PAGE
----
'American Idol' Season 18 Winner Crowned in First At-Home Finale

ABC/Eric McCandless

Host Ryan Seacrest called the action from his garage instead of the big stage in Hollywood, while judges Katy Perry, Luke Bryan and Lionel Richie dialed in from their homes and the contestants made their final push surrounded by their adoring families/makeshift stage crew.

No matter who ended up in the winner's circle after Sunday night's two-hour American Idol finale, they were destined to make history as the first champ to celebrate from the comfort of their own home. Not by choice of course, due to the way the 18th season of the beloved singing competition had to completely change things up midway because of the COVID-19 lockdown.

And, like all aspects of the show since everyone was sent home, the coronation was...different, with host Ryan Seacrest calling the action from his garage instead of the big stage in Hollywood, judges Katy Perry, Luke Bryan and Lionel Richie dialing in from their homes and the contestants making their final push surrounded by their adoring families/makeshift stage crew.

After a cut from seven to five and then the top two, the season's most inspiring singer, Just Sam, 21, shook her head in disbelief when Seacrest read her name as she celebrated alone in quarantine while holding an iPad tuned to her elated grandmother cheering her on from afar. Dressed in an appropriately glittery gold jacket and regal red shirt, the dumbstruck subway singer said, "my dreams have come true...I would have never ever, ever expected this."

The improbable rise to the peak capped a show that began with the elimination of semifinalists Julia Gargano and Louis Knight before America got one last look at the top five, with two performances from each that proved why they'd all earned their spot.

Spiritual cowboy Dillon James, 26, of Bakersfield, California, took a rough road to the finale, but his country-infused cover of Eric Clapton's "Change the World,' set amid a garden of candles in his family's backyard, deserved to be in the final five; he returned later for a smoldering ramble through Bob Dylan's "The Times They Are A-Changin'."

San Francisco's Francisco Martin, 19, borrowed a page from another reality singing vet, Harry Styles, with his cover of the X Factor vet's "Adore You"; he came back with an urgent acoustic version of Maggie Rogers' "Alaska."

Harlem's Just Sam, went from singing on a subway to becoming the only woman to make it to the top five, capping her improbable rise to become the seventh female winner in show history with a technicolor, powerful run through original Idol superstar Kelly Clarkson's "Stronger (What Doesn't Kill You)"; her second selection was Andra Day's moving "Rise Up," which clearly helped seal the deal.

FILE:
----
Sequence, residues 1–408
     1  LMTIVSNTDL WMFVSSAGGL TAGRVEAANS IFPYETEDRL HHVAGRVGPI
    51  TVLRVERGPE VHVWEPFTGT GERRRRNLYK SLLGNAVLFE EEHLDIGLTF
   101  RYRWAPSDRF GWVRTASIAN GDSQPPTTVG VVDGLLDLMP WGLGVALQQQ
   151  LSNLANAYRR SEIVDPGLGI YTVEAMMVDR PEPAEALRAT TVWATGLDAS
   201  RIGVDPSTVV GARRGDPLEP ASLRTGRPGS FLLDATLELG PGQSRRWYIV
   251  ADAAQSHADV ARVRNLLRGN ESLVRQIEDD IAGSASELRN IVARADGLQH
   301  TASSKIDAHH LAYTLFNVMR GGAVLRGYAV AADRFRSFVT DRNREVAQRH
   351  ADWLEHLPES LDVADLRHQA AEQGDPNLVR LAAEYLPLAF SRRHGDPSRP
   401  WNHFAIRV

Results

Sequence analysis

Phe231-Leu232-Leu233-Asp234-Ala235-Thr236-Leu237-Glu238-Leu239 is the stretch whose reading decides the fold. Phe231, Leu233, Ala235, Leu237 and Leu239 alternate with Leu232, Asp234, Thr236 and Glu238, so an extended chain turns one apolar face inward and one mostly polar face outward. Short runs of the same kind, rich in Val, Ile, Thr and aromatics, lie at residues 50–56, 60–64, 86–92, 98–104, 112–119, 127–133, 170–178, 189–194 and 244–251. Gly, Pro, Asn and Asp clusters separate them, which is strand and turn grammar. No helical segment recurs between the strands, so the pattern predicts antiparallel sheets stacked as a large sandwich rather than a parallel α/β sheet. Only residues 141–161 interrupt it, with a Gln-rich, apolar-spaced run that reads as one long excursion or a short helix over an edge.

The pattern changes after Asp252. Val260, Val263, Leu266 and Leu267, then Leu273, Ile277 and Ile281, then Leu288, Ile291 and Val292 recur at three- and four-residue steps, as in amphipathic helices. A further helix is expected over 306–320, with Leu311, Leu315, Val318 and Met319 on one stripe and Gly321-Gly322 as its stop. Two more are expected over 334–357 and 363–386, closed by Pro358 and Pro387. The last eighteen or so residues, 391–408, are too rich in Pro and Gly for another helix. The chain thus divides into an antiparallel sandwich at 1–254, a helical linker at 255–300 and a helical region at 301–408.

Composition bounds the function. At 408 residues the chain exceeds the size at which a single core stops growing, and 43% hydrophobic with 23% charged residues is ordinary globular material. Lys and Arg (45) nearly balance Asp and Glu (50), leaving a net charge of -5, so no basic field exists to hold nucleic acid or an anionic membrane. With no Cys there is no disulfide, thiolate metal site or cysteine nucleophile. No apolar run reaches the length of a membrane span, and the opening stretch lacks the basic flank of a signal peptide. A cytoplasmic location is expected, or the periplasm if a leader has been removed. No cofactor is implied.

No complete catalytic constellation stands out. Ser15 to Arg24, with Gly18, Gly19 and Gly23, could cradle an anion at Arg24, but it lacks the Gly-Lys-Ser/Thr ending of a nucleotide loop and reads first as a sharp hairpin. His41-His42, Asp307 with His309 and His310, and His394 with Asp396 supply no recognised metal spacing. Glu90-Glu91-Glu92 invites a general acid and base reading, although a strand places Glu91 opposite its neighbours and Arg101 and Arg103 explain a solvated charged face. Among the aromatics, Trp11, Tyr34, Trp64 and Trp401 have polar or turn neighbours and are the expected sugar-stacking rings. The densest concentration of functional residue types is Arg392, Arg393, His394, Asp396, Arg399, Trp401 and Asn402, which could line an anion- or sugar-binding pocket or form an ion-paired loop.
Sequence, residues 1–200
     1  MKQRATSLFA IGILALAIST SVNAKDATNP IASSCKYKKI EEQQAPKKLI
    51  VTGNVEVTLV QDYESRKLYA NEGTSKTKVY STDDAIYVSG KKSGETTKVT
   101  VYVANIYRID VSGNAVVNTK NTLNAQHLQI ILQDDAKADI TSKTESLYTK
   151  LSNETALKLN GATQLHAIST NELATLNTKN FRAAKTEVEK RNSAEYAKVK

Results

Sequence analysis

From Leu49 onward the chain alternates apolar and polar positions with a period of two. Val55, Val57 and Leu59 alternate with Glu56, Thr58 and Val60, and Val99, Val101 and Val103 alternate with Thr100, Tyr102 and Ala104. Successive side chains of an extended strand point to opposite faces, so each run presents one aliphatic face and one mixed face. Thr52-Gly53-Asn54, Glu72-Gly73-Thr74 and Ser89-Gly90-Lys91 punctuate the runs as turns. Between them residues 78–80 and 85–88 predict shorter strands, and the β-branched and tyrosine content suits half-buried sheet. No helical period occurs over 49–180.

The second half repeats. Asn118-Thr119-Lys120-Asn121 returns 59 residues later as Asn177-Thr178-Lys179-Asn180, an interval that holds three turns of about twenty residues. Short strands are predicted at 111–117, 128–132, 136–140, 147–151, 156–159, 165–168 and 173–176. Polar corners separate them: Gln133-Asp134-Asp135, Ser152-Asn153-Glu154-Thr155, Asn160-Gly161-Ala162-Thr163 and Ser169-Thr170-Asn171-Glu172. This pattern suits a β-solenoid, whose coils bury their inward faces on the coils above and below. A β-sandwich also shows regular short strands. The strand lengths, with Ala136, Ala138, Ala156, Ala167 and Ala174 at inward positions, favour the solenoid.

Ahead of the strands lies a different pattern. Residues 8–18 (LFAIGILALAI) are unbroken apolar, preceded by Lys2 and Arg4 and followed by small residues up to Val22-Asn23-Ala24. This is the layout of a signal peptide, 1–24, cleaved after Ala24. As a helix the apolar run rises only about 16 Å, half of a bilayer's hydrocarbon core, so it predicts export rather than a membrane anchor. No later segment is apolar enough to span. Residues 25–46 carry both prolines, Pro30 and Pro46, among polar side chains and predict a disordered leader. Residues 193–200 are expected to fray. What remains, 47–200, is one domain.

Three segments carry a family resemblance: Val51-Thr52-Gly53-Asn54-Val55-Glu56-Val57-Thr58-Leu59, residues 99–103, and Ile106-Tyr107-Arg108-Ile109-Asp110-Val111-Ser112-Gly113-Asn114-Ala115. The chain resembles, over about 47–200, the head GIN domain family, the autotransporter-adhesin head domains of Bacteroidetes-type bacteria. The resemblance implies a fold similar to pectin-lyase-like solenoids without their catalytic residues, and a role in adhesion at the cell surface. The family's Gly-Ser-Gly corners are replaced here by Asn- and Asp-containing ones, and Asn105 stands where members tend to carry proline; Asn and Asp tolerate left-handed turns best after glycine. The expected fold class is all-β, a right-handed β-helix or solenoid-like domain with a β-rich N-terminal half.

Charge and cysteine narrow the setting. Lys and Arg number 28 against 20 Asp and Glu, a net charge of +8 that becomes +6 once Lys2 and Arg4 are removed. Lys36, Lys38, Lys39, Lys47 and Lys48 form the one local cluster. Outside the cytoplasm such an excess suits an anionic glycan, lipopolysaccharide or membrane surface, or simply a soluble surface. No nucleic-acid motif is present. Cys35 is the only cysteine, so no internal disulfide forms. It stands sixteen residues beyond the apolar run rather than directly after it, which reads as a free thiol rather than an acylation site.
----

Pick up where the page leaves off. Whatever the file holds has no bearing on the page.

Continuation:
From Nepal to Wichita, Kansas, and then Idol finale, the night's second-place finisher Arthur Gunn, 22, proved he deserved all the "rock star" praise with a gritty rip of Gavin DeGraw's "I Don't Want to Be"; he then nailed a moody, wholly original take on Creedence Clearwater Revival's "Have You Ever Seen the Rain."

The last of the top five to perform was Jonny West, who blossomed from a shy wallflower to a confident crooner, working his keyboard for James & Bobby Purify's soul pop nugget "You Can't Keep a Good Man Down"; his second bid rolled the dice with his sensual soul/rap original, "Makin' Love."

As expected, Sunday's show was more muted than past Idol finales, but producers tried to give it some of that familiar sheen with a pared-down series of guest performances that included the TV debut of Perry's new single "Daisies." As promised, the performance mixed a classic Idol vibe — it began with Perry backed by a digital rendering of the show's logo — with some cutting-edge technology that transported the barefoot expectant mom into a digital cartoon house that shifted and split apart all around her, landing her back on the holographic Idol stage at song's end.

Knowing people might be mixing up cocktails at home during the quarantine, Bryan put on his best Hawaiian shirt for a virtual performance with his band of the good times boogie "One Margarita." Rascal Flatts teamed with season 18 audition favorite garbage man Doug Kiker for “Bless the Broken Road."

Other performers included Oscar nominee Cynthia Erivo and the top 11 singing a medley of Aretha Franklin songs and two-time Idol auditioner Lauren Daigle and Just Sam teaming up for Daigle's moving hit "You Say."

The finale ended with Richie's first TV performance in 35 years of the 1985 charity anthem he co-wrote with Michael Jackson, "We Are the World." Joined by his fellow judges, winner Just Sam and all-star group of Idol alumni — Alejandro Aranda aka Scarypoolparty, Fantasia, Gabby Barrett, Jordin Sparks, Katharine McPhee, Kellie Pickler, Laine Hardy, Lauren Alaina, Phillip Phillips, Ruben Studdard and Scotty McCreery — the reboot featured the singer's faces projected onto some of the nation's most iconic vistas.

It wasn't the Idol anyone signed up for nearly a year ago, but season 18 ended with the elevation of a singer whose American anthem of determination and grit is just the kind of fairy-tale ending we could all use right about now. 

This story first appeared on Billboard.com